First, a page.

What's Treated, What's Coded -- How It's Changing and Why It Matters

The 2013 code shift will mean that patients' medical records will be more detailed than ever before; this is a really good thing, not just for reimbursement, but for the wealth of information we can use to improve the performance and quality of our healthcare system.
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Health care is complex. When a patient goes into a doctor's office or hospital the process only just begins. In the most simplistic view, symptoms are presented, care is provided and a bill is paid. But what patients don't always realize is the complexity of healthcare reimbursement.

Healthcare reimbursement affects each and every one of us. It impacts how much doctors are paid, how insurance plans are structured and the amount patients are charged. And behind the price tag of healthcare is a highly-intricate billing system that right now, is going through an enormous evolution.

Let's take an example. A patient comes in with a symptom, perhaps a broken arm. The documentation that the patient's doctor uses to describe that broken arm and any other presenting problems is translated from clinical language into "codable" (code-able) language so that a bill can be created for an insurer and the patient. When it's done right, the reimbursement accurately reflects the level of care provided. When information is unclear, however, or detail is missing, reimbursement can be adversely affected.

Today, hospitals and doctors use a system of about 18,000 codes to describe medical services. While that might seem like a lot, the coding ecosystem is in its infancy. A new federally mandated coding initiative will expand the number of medical codes, which are called ICD codes, from 18,000 to around 140,000 -- the purpose of this expansion, from ICD-9 to ICD-10, is to ensure clinical descriptions are precise and accurate. Additionally, with better coding we'll be able to better measure healthcare services, quality and even conduct public health surveillance.

Many issues caused by the lack of specificity in the ICD-9 code sets will be resolved with ICD-10. In the current system, there is only one code to describe a patient with a broken arm. Say the patient broke their right arm, then was seen again weeks later with a break in their left arm. A second claim with the same ICD-9 code would be submitted, requiring additional documentation describing the difference between the two incidents. In the expanded ICD-10 diagnosis code set, characters in the code can identify right versus left, initial encounter versus subsequent encounter, and other clinical information.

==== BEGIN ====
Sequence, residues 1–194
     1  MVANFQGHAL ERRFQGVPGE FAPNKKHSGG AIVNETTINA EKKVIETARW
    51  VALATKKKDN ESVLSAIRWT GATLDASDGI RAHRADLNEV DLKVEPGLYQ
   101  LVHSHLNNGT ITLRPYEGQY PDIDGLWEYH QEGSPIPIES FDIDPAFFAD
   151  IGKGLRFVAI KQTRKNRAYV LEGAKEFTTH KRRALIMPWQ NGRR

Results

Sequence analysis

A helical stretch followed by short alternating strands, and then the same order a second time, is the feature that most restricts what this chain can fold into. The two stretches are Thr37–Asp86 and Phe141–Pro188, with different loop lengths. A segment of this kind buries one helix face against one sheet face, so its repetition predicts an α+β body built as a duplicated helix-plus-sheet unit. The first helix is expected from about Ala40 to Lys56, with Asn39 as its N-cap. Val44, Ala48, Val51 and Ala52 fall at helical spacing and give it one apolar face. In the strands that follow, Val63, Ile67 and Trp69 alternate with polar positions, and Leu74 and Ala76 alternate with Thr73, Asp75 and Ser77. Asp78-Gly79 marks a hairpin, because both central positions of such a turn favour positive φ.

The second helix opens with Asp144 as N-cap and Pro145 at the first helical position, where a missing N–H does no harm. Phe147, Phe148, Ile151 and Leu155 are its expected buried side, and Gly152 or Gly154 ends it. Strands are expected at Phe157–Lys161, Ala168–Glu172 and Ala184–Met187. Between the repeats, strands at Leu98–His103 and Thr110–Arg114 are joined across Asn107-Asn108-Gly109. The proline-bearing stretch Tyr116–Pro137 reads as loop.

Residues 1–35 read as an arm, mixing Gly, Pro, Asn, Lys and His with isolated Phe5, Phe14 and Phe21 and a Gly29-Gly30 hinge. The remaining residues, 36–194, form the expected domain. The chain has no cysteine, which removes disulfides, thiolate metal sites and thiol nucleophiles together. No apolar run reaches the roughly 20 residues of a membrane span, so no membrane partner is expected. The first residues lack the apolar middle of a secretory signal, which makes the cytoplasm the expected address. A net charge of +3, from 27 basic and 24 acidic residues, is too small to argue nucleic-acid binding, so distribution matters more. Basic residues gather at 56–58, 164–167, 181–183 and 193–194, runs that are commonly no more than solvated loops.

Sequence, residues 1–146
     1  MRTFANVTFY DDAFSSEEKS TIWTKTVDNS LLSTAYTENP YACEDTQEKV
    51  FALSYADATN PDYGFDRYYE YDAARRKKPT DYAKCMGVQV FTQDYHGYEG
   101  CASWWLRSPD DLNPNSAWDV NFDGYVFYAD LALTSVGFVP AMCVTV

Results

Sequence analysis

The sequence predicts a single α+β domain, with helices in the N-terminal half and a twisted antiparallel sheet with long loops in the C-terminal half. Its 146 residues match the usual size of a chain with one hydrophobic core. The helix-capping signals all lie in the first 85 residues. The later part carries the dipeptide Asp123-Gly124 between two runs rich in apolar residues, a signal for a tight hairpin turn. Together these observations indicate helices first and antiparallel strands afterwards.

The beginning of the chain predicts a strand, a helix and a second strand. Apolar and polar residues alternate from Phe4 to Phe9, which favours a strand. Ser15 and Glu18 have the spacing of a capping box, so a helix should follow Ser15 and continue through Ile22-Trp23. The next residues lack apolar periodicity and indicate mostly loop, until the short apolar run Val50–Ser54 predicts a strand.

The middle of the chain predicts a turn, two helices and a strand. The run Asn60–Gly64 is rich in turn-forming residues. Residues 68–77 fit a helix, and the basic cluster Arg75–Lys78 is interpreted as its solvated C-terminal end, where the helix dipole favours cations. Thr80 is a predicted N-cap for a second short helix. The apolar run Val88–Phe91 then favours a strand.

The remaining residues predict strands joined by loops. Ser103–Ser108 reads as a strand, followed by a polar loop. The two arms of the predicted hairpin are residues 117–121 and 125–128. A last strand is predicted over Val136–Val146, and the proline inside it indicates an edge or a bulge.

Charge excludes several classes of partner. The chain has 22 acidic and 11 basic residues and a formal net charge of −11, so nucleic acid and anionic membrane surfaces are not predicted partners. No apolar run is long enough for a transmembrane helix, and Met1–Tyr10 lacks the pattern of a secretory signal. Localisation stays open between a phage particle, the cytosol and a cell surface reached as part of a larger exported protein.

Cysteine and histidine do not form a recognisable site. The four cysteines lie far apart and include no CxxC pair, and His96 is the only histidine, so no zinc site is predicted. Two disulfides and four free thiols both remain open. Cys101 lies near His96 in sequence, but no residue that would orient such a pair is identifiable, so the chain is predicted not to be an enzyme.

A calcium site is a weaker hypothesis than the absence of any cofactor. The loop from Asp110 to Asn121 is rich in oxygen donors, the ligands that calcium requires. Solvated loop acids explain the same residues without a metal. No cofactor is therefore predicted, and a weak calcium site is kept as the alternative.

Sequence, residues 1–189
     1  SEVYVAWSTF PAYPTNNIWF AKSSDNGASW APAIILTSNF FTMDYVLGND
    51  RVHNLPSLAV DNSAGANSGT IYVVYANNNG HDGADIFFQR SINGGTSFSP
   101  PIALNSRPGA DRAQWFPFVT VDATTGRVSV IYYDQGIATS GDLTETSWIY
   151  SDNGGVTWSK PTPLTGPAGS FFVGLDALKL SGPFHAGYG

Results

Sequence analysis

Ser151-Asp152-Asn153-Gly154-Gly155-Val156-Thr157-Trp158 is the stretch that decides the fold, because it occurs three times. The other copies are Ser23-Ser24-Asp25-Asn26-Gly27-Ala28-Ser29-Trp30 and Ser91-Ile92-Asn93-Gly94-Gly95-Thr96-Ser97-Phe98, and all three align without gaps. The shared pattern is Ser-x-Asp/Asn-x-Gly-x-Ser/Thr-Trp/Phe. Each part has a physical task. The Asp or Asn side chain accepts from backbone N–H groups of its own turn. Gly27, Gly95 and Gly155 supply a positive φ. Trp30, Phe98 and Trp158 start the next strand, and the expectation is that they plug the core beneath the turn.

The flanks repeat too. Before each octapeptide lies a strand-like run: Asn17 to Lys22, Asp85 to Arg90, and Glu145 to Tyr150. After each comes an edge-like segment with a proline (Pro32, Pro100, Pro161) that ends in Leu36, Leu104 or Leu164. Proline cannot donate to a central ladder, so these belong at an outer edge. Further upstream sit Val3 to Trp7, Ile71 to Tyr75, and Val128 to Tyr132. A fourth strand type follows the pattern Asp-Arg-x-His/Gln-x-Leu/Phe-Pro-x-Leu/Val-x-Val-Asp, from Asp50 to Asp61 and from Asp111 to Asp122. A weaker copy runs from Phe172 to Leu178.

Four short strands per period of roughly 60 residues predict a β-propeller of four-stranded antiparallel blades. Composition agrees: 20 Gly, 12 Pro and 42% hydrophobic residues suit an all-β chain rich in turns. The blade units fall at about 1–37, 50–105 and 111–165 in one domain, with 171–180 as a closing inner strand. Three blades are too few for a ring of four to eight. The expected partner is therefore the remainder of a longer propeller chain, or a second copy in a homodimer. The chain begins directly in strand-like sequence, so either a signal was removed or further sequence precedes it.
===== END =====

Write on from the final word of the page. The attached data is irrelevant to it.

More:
This shift, however, from 18,000 codes to 140,000 codes will not come easy or overnight. It has been referred to by many as the "Y2K" of health care and will be enforced beginning Oct. 1, 2013. Though two years may sound like a long time, it is not when you consider how much has to be done. To give you a sense of why this change is so daunting to some, consider our patient example. In addition to the laterality of the fracture, right vs. left, the kind of fracture -- open vs. closed, location on the bone -- distal vs. proximal, and whether this was the initial or a subsequent encounter, doctors will need to be much more explicit when documenting care. While there are many benefits, ICD-10 will require a major change in everyday workflow.

Today, 40 percent of patients' notes, which are coded in correlation to 18,000 codes, require a manual query to the physician typically from a clinical documentation specialist with an extensive clinical background and knowledge of the reimbursement process. This query is to request more information or more specificity from the doctor, hours or even days after the documentation has been signed. These queries are disruptive to the physician and to the continuum of care. And with the coming of 122,000 extra codes, many hospitals and physician offices are asking themselves how to ensure the necessary level of specificity is captured so reimbursement will not be disrupted, while also keeping doctors focused on patients, not the process of billing.

Considering we're all patients, I believe it's important to understand the inner workings of the healthcare system. The 2013 code shift will mean that patients' medical records will be more detailed than ever before; this is a really good thing, not just for reimbursement, but for the wealth of information we can use to improve the performance and quality of our healthcare system. But we must prepare now for what's coming down the road.

At Nuance, we have partnered with 3M to create computer-assisted physician documentation (CAPD) technologies that will support physicians throughout their entire transition to ICD-10. Clinicians will be able to use speech-recognized dictation to document patient encounters in their own words, through automated queries address any missing or unclear information during the process, ultimately preserving the unique patient story and teeing up the detail necessary for appropriate reimbursement.

In closing, when it comes to patient care, no detail should be left out. Hospitals, doctors and even patients should rest assure that this change will be fully supported by enabling technologies that will help caregivers focus on what's most important -- their patients.

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